We have the pleasure of welcoming Mark Simon, the Managing Partner for Hawkmoon Advisors, as our guest for today’s podcast.
Mark is joining us to talk about his journey and share his experiences with the kind of work he has been doing to help small businesses scale, grow, and reach their goals. He also talks about what ten-million-dollar companies need to be thinking about if they want to scale.
Mark disappeared off the research industry radar for a while after leaving Toluna at the end of 2019 and moving back to the UK. He joined an IT SaaS business in the UK called Datto, and after that gig came to a close, he set up a consulting business that helped small SaaS businesses get going.
After finishing university, Mark spent a few years in Paris, teaching English at a high school. After that, he spent most of the rest of his twenties playing the guitar in a rock and roll band, touring around, and having lots of fun. Then he went to work for a marketing agency that won a contract to take AOL to the UK. At the time, Mark was about to get married, and being a bit bored with the work he was doing, he started looking around for something new. He ended up spending an enjoyable year as an individual contributor for a company called Greenfield Online in Europe, where he learned a lot. He then got a call from someone at Toluna, saying that they were about to list the company on the London Stock Exchange, and they wanted him to lead them in doing that.
Mark took a risk and joined Toluna. He now feels that was one of the smartest things that he has ever done. He set up a digital practice there, and they went to market properly. He had great fun getting them up to eight figures.
Toluna had an issue in their North American business, and they asked Mark to go there to turn it around, which he did. He managed to turn things around fairly quickly, and he ended up staying there for another six years before returning to the UK.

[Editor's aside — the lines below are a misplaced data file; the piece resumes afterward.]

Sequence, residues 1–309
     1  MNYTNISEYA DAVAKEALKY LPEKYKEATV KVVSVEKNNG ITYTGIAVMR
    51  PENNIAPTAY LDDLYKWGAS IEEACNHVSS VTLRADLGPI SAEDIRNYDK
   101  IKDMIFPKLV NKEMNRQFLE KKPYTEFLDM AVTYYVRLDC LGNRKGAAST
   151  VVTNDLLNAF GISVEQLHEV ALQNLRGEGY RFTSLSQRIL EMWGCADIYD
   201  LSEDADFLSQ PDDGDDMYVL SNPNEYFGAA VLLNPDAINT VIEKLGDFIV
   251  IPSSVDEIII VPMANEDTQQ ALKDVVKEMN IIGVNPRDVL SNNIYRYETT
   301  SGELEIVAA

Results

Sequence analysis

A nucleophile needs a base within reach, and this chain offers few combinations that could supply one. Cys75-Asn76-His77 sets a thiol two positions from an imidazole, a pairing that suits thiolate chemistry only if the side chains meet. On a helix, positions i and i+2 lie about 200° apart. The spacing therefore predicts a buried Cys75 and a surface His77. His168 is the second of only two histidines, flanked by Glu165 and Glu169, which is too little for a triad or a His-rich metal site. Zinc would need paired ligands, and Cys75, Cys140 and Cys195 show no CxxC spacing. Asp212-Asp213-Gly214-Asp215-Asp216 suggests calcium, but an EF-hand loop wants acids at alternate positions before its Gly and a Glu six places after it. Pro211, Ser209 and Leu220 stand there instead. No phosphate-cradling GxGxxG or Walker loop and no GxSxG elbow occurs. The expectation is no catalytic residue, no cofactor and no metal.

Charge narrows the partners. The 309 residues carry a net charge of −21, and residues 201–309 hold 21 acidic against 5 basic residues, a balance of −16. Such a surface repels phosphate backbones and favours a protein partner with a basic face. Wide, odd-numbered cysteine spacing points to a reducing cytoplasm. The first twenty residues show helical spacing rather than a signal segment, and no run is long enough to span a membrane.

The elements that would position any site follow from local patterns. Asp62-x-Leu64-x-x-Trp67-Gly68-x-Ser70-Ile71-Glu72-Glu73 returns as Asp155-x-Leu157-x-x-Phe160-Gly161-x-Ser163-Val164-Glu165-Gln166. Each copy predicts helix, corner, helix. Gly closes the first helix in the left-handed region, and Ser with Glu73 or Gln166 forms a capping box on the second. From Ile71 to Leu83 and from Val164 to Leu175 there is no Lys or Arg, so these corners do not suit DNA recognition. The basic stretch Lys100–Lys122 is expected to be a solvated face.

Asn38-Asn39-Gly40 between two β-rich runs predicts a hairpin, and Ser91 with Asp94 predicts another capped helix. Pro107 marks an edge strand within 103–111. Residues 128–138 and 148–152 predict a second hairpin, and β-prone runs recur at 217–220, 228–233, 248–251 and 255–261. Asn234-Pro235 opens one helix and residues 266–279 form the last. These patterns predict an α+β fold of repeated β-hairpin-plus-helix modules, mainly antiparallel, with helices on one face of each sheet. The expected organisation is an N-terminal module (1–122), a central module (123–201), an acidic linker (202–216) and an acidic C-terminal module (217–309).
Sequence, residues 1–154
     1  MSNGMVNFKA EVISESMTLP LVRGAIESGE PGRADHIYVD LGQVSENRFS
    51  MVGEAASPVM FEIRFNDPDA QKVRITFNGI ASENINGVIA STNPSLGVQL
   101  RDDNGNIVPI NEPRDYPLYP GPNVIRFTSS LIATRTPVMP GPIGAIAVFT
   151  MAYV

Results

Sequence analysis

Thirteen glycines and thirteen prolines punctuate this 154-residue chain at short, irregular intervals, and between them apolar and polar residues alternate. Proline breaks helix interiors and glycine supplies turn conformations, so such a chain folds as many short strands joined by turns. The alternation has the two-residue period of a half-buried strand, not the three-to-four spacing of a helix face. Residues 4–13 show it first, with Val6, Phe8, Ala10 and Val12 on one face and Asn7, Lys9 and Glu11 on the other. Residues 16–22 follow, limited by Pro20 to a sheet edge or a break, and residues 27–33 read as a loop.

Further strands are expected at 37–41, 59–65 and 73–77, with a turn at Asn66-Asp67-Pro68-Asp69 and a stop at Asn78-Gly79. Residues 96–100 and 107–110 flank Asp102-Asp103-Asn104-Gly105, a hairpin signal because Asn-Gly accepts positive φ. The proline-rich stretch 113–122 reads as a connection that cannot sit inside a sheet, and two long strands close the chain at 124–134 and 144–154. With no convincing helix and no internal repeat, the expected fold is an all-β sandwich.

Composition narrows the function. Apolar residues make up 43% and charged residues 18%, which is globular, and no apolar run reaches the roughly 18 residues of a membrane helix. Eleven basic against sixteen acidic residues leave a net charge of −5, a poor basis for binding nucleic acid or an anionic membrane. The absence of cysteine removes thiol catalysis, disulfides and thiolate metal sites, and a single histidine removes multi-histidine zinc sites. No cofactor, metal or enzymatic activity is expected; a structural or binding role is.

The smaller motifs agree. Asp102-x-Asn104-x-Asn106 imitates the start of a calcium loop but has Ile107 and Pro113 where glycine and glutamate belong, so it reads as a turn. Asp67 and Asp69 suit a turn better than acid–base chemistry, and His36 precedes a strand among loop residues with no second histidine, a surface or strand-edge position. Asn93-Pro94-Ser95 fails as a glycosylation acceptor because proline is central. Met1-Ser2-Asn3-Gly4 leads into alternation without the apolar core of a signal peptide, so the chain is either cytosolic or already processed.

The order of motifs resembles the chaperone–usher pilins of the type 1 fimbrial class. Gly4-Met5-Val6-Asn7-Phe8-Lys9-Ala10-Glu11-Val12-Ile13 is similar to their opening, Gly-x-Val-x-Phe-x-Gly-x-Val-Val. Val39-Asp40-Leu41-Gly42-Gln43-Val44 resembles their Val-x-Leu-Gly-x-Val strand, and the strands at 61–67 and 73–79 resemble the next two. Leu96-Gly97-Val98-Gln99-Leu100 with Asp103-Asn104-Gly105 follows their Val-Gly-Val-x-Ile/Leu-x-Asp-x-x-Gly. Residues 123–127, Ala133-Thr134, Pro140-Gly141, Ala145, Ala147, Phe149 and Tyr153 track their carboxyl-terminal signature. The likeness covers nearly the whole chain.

What ten-million-dollar companies need to think about in terms of scaling
Mark explains that at any point in your company’s trajectory, you have to think and act like you’re bigger than you are, and that applies from the CEO down to the people who you hire.
Hiring is critical
In Mark’s experience with fast-moving companies, he was spending 70-80 percent of his time hiring or coaching people. He points out that if you don’t do that as a leader, and you’re trying to scale, you are probably focusing on the wrong things.
The people you hire
Look for people who can act one level up but could also be capable of thinking two levels up.
Think about some way to get recurring business and repeatable, predictable cash flow. That will build value in your company.
For a ten-million-dollar business, all your incentives need to be in line. It is vital to over-emphasize rewards for long-term contracts.
Your customers’ satisfaction needs to be ahead of your acquisitions.
The Rule of Forty
At ten million, you need to make sure that your company can exceed the Rule of Forty. That is very important for any recurring revenue business.
You should not expand your company internationally too quickly because that could be dangerous if you don’t have a cultural understanding of what works well in different places.
A framework for hiring salespeople
Interviewing salespeople can be difficult to do, so it helps to build a framework for hiring salespeople. Three things that are important to include in that process, regardless of the environment you’re in, are:
- A competitive streak
- Empathy, rapport-building, listening, and cultural alignment
Also, any toxic high-achievers need to get removed from the team.
Hiring a Head of Sales
Hiring the right Head of Sales can be a scary decision for a CEO to have to make, especially if that CEO does not come from a sales background. The CEO should choose someone who has been a successful individual contributor rather than the best sales performer. And someone good at hiring and coaching, someone whose values align with those of the company, and someone who can move people along if they do not perform. They should also hire someone analytical and numerate.
Evaluating a company from the employee side
On the employee-side, when someone is evaluating a company, they should make sure that whatever the company stands for is in line with their values and culture. They should also look at the investment structure of the company, who the investors are, and how consistently successful they have been.
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Sima is passionate about data and loves to share, learn, and help others that share that passion. If you love data as much as she does, subscribe on iTunes, and don’t forget to leave a rating and review!